5. Be loving. Okay, one of my favorite metaphors for people with CPTSR/ CPTSD and severe codependency is CINDERELLA. These are some of the most loving, generous, resilient people you will ever meet. This person needs to learn to be loving to themselves, but before they can do that, they need to actually “catch” the inner dominating judge and dethrone him or her. They need to level the playing field so that the inner child feels safe and the inner adult stands a chance. How? See recommendations for deeper study below.
  6. Your parent/ boss/ adult child/ abuser REALLY LOVES YOU or CARES ABOUT YOU. Are you kidding me? You’ve just suggested they deepen the trauma bond, tighten the sensation of “double bind” and created more confusion. If you don’t know what gaslighting is, you need to look it up. CPTSD doesn’t come from out of the blue. Just because it’s invisible, doesn’t mean it’s not deadly and sucking the life force out of some very beautiful people.
  7. Love can heal everything. Well, yes, you can say this. I do believe love can heal everything. And I actually LOVE this saying. It’s given me so much hope during the darkest of times. But the “healing” might not look like your client or friend wants it to look. And it might not ever happen in this lifetime. So this lovely, shiny, idealistic, beautiful saying it has to be said with a caveat: Love includes deep self-approval as well as healthy boundaries. These require practice and development.

Here’s what you CAN SAY to encourage and support your client or friend:

  1. I want to see you thrive, not just survive.
  2. I believe in you.
  3. Let’s focus on what you’re doing right.
  4. Let’s build you back up. 
  5. You’re so worth it!
  6. What do you need in order to thrive?
  7. You got this. I’ll keep believing in you until you can do it for yourself. I’m right with you.

Practices that can help resolve CPTSR/ CPTSD: Embodied self-awareness, embodied self-worth, emotional literacy. Check out my book SANCTUARY which discusses these ideas. Share the book with your clients. It’s free for now at http://www.joybasedliving.com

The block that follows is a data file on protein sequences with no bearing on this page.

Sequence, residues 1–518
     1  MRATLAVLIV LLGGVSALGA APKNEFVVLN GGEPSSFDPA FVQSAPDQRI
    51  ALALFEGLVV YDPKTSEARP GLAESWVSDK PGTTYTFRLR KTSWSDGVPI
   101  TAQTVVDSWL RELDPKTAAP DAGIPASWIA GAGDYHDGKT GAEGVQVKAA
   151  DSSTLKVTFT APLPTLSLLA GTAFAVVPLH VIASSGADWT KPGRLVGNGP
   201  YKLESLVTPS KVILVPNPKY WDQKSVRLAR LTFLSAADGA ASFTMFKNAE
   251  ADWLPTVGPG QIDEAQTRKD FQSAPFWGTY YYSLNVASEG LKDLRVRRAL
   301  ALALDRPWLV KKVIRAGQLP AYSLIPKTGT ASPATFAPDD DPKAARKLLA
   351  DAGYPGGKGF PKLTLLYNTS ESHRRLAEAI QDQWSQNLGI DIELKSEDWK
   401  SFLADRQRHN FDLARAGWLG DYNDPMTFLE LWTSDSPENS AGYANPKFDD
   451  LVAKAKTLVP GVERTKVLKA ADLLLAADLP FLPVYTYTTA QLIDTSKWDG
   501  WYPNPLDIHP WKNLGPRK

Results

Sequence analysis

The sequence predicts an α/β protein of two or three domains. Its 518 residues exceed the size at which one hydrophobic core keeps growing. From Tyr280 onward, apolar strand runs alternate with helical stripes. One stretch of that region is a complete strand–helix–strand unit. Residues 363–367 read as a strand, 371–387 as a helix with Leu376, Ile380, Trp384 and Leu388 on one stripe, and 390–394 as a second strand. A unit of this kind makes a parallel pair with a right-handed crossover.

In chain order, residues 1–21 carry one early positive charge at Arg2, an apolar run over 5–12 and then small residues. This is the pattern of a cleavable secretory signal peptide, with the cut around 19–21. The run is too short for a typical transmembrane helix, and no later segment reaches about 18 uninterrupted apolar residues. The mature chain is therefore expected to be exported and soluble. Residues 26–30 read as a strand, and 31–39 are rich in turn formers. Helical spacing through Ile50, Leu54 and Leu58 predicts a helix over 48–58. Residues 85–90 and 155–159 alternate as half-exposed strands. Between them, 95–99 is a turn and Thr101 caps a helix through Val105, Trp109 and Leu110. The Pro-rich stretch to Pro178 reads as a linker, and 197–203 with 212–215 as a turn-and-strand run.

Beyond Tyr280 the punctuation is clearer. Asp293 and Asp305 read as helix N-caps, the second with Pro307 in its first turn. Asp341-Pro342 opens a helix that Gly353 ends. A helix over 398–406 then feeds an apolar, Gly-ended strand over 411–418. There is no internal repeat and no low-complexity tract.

SANCTUARY book cover

If you’d like to start a study group for SANCTUARY, check out my inaugural talk for Blooming Misfits:

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Recommendations for deeper study:

  • For healers, therapists, coaches: Harvard psychiatrist, Dr. Judith Herman, coined the term CPTSD in 1995. Study her work.
  • For clients: Pete Walker’s book Complex PTSD: From Surviving to Thriving is a foundational book, especially his 13 Steps for Managing Emotional Flashbacks.
  • For clients: Richard Grannon’s “Heal the Superego” 30 day course. I only recommend this after a person has completed reading CPTSD by Pete Walker.
  • I highly recommend you, as a clinician or friend, read the Pete Walker book and take the Richard Grannon course prior to recommending it.

At Joy-Based Living, our mission is to help you turn up your heart light and share your love. Over and over again. As much as you can. We stand for healing trauma, spiritual connection and peak performance.

https://joybasedliving.com/2020/01/26/leap-from-trauma-to-peak-performance-how-my-friends-vertigo-disappeared-resilience-vs-relentless/

spiritual connection healing trauma and peak performance

Much love,

Debbie Happy Cohen

I want you to LOVE negotiating for JOY! | Author | Coach at Joy-Based Living

 

If you liked this article, here’s another one for you:

13 Steps for Self-Championing Yourself After Emotional Trauma, CPTSR, CPTSD or Severe Codependency

 

 

 

 

 

 


6 thoughts on “7 things spiritual teachers or friends should NEVER say to someone with CPTSR/ CPTSD or severe codependency

  1. Me, too… I believe anyone who reads it will benefit from your shared insight, perspective and suggestions. 😉

  2. Awesome, kick-ass advice Debbie 🙂 When I read “Love can heal everything. Well, yes, you can say this. I do believe love can heal everything. And I actually LOVE this saying. It’s given me so much hope during the darkest of times. But the “healing” might not look like your client or friend wants it to look. And it might not ever happen in this lifetime. So this lovely, shiny, idealistic, beautiful saying it has to be said with a caveat: Love includes deep self-approval as well as healthy boundaries. These require practice and development.” I was reminded of what you once told me “If your compassion does not include yourself it is incomplete.”